Structured authoring

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1 Definitions

Structured authoring and structured content refer to development, deployment and management of structured contents.

“Structured authoring is a publishing workflow that lets you define and enforce consistent organization of information in documents, whether printed or online. (whitepaper on structured authoring)”

2 Discussion

Writing structured contents is more difficult than writing with an ordinary word processor, but there are benefits like:

  • Flexible publishing (books on demand)
  • Single sourcing for many formats and devices
  • Better support for search and data retrieval
  • Easy redesign of style
  • etc.

(more later, this article is just a stub)

3 Formats

The most popular formats today are:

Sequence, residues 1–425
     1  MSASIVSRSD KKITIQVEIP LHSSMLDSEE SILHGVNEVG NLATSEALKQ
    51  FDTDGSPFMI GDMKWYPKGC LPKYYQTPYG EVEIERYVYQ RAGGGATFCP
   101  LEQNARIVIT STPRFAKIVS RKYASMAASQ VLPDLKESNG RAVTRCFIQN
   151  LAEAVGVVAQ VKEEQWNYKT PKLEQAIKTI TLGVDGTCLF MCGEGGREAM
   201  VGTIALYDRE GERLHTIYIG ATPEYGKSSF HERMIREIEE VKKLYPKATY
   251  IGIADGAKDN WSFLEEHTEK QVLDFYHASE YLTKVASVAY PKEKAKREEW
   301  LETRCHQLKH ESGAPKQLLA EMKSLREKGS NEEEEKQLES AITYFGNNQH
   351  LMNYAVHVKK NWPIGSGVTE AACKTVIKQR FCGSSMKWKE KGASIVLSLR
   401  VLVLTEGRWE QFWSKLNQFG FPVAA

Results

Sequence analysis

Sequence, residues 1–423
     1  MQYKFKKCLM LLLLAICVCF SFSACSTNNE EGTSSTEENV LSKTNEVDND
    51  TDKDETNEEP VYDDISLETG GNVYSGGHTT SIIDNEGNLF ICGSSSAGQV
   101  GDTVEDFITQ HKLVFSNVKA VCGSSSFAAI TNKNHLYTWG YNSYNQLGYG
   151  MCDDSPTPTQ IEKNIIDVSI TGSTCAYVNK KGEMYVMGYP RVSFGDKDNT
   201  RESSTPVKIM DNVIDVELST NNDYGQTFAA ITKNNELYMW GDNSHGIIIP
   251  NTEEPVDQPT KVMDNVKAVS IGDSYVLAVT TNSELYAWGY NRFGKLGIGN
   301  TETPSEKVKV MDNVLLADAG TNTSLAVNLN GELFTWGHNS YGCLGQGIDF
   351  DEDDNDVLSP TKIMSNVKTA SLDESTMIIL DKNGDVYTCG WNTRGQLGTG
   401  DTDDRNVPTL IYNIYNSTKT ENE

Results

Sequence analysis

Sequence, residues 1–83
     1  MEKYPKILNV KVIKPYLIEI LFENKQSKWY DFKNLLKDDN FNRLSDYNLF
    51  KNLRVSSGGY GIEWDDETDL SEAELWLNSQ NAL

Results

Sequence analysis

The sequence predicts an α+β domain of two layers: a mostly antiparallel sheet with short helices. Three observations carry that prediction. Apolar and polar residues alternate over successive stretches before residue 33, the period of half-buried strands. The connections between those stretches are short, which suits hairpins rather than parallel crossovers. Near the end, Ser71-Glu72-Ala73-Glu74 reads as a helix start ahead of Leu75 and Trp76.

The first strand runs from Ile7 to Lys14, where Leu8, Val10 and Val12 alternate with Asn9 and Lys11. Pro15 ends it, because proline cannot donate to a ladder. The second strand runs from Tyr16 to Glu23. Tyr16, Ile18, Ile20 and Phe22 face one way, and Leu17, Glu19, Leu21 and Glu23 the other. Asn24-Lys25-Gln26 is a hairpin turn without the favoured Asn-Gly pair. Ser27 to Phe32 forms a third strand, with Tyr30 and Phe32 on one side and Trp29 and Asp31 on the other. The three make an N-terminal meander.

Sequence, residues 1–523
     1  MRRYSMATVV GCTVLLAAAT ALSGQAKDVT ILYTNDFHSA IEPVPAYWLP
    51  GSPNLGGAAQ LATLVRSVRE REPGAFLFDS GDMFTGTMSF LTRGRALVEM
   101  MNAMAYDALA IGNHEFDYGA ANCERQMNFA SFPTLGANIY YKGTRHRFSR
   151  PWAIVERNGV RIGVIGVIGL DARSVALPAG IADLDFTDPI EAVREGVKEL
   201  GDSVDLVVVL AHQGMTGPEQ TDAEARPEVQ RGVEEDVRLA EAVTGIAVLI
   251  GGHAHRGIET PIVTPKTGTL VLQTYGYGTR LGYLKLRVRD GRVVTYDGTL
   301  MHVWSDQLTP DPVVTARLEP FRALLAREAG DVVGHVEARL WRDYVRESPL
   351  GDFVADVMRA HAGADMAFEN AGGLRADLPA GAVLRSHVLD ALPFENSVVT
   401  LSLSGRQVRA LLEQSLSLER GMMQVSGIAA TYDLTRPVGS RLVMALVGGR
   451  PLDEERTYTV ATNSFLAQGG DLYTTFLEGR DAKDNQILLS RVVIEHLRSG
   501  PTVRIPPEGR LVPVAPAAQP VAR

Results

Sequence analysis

• DocBook and DITA for single source authoring (both text and online)
  • Latex, an older less structured format that remains very popular in science.
  • XHTML (mostly just to author web pages, though the language is rich enough to markup moderately complex documents.
  • E-book formats such as ePub (often XML-based)

For educational contents, see:

  • eLML (eLesson Markup Language)

Note: IMS Content Packaging just packs sequences in XML format. Isolated contents themselves (modules) are not structured.

See document standard for more

4 Links

5 Bibliography

5.1 Tutorials

O'Keefe, Sarah (2008) whitepaper on structured authoring, Scriptorium.com. There is a list of other interesting white papers in tutorial format.

5.2 Propaganda articles